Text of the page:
Having succeeded with about fifteen minutes to spare, John, Stuart, Dave, Margaret and Yours Truly settled down to take photos of the fancy dress contestants before they entered the main hall. Being more fortunate than most I was able to get sufficient shots (including the odd shot of Sue Toth and Margaret) and allowed Stuart to return my camera to our room having decided that I would not be repeating this photographic experiment again if only for the reason that, without being in the main hall, one has no idea as to what the costumes were meant to be. We then settled at our table (thanks to our illustrious president - that's you, Shirley - and Martin Pay for reserving them) and had soon tucked into, in my case, chicken and a chip, whilst Margaret and Janet brought us drinks (thanks ladies).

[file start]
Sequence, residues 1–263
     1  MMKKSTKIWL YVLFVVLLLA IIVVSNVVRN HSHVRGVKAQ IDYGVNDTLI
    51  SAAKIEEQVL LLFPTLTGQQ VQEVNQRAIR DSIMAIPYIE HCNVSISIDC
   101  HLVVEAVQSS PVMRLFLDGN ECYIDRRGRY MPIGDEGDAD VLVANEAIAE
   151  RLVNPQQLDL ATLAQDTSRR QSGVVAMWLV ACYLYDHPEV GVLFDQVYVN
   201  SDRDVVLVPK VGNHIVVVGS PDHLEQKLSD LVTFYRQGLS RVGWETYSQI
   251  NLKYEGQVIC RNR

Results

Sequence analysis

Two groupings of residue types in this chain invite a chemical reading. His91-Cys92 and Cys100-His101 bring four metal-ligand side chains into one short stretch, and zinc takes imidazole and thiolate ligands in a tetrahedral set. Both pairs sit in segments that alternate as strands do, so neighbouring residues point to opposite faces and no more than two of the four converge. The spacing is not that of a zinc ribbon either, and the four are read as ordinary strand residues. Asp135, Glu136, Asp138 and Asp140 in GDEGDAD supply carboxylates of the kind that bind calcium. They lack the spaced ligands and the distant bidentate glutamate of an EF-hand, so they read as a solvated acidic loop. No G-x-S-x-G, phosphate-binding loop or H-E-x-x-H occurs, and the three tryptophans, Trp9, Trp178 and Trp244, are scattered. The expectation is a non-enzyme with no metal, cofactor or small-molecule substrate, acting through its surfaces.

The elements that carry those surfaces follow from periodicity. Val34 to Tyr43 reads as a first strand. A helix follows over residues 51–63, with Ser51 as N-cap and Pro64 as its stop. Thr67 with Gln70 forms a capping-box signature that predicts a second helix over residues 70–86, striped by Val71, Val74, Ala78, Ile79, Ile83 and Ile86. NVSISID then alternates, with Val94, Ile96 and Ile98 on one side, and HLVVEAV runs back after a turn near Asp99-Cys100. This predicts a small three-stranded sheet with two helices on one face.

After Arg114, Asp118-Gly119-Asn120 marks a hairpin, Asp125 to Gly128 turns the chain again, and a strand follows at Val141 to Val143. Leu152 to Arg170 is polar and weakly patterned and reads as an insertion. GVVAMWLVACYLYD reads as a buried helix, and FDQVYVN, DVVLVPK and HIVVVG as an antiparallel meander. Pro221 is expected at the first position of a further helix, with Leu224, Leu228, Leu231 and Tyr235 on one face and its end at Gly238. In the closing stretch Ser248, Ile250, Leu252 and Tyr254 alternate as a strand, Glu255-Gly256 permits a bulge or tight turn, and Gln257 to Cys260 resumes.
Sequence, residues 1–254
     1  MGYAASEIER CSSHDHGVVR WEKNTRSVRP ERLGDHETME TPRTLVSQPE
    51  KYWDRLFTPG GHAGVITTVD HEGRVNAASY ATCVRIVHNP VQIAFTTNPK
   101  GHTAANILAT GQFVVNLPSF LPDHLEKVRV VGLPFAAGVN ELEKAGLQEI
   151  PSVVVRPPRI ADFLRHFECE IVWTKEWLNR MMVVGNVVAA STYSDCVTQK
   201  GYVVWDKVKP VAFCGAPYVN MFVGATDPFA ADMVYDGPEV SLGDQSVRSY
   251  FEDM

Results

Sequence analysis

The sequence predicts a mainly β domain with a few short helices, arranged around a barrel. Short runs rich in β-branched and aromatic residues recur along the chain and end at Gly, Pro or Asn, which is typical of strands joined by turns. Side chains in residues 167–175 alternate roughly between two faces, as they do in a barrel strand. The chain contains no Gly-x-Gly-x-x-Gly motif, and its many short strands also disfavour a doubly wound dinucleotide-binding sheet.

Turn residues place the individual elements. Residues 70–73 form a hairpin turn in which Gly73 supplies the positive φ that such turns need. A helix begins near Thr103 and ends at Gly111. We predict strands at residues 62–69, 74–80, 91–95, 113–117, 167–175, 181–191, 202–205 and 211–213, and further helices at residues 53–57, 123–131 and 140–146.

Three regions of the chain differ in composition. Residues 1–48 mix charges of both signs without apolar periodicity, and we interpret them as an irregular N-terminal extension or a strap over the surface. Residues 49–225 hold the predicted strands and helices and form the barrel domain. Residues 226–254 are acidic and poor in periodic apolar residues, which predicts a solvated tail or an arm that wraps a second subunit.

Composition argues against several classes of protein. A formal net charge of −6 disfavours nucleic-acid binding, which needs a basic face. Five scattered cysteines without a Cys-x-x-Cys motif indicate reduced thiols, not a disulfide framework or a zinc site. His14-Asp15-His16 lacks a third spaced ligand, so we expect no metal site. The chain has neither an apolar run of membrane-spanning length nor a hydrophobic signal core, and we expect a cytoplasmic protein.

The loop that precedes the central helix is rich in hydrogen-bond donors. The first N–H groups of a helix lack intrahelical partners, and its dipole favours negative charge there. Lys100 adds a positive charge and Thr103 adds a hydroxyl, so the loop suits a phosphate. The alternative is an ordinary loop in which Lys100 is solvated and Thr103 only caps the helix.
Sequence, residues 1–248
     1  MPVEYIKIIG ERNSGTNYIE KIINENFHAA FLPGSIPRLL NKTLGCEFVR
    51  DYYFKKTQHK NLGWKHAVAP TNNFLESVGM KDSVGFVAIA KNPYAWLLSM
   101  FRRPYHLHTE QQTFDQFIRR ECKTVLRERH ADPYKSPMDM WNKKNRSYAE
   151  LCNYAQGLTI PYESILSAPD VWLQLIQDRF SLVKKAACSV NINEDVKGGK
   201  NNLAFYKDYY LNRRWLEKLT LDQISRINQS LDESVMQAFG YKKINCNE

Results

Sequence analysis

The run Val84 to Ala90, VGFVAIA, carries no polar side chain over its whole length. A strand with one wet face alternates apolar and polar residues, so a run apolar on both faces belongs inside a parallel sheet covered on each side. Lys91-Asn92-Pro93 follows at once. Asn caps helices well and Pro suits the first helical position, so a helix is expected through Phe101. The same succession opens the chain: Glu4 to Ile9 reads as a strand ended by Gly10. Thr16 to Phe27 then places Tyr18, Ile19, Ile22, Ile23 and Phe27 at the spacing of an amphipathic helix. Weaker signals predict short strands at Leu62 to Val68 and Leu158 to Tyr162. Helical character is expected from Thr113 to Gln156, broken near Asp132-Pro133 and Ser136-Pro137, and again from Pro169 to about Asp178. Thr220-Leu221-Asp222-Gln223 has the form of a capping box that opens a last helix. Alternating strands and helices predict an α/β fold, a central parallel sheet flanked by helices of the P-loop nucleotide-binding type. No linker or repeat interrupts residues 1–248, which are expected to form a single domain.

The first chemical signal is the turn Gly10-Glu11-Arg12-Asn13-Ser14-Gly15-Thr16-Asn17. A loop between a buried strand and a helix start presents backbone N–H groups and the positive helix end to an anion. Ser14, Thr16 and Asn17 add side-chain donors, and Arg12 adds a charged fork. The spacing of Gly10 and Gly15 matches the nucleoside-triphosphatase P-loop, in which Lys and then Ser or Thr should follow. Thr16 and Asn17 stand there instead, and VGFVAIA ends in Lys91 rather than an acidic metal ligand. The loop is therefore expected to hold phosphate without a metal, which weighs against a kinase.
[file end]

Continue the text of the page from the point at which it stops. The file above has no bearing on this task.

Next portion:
Following a brief foray onto the dance floor (where, not for the first time, I found myself taking dancing lessons) with Margaret I left her and Janet to go to their room for a meal whilst John, Steve Manning, Ian Watson and myself went on the first of many Shore Patrols to ensure the safety of the attendees, their cars and personal belongings.

The evening proceeded with relative calm (assuming you include the ejection of 14 or more gate crashers as "relative calm") and, after the departure of Margaret, and later Kathy who went in search of something called sleep, John, Mike Wild and I decided to complete a final "once around the Dragonara" before following their example and so by 03.30hrs I was cheerfully asleep when....

SD:8104.12 slumbers were shattered by a sadistic operator with my early morning call and so, by 07.30 we, (being John, Stuart, Dave, George, Chris and Yours Truly) were in the main hall clearing up the mess of the night's festivities (and realising just what a messy bunch the Human race is) and setting up the room for the day's events (not least of which being the Fashion Show) in under an hour and a half which, with the help of a few more gradually awakening bleary eyed stewards who were beginning to arrive, we managed to accomplish with a few minutes to spare thus allowing the first event of the day, 'Barbarella', to be shown on schedule.